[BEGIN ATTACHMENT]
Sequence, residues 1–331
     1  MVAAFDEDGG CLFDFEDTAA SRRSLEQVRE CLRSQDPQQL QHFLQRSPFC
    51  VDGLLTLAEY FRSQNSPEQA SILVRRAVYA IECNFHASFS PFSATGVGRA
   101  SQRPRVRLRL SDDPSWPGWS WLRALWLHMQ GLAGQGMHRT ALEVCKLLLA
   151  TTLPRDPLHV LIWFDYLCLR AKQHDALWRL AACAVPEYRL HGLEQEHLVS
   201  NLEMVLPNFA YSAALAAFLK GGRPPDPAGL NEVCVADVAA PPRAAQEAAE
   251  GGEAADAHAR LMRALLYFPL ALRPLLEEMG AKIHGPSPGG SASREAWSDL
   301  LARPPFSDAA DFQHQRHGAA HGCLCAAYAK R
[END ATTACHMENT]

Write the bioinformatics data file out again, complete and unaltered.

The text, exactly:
Sequence, residues 1–331
     1  MVAAFDEDGG CLFDFEDTAA SRRSLEQVRE CLRSQDPQQL QHFLQRSPFC
    51  VDGLLTLAEY FRSQNSPEQA SILVRRAVYA IECNFHASFS PFSATGVGRA
   101  SQRPRVRLRL SDDPSWPGWS WLRALWLHMQ GLAGQGMHRT ALEVCKLLLA
   151  TTLPRDPLHV LIWFDYLCLR AKQHDALWRL AACAVPEYRL HGLEQEHLVS
   201  NLEMVLPNFA YSAALAAFLK GGRPPDPAGL NEVCVADVAA PPRAAQEAAE
   251  GGEAADAHAR LMRALLYFPL ALRPLLEEMG AKIHGPSPGG SASREAWSDL
   301  LARPPFSDAA DFQHQRHGAA HGCLCAAYAK R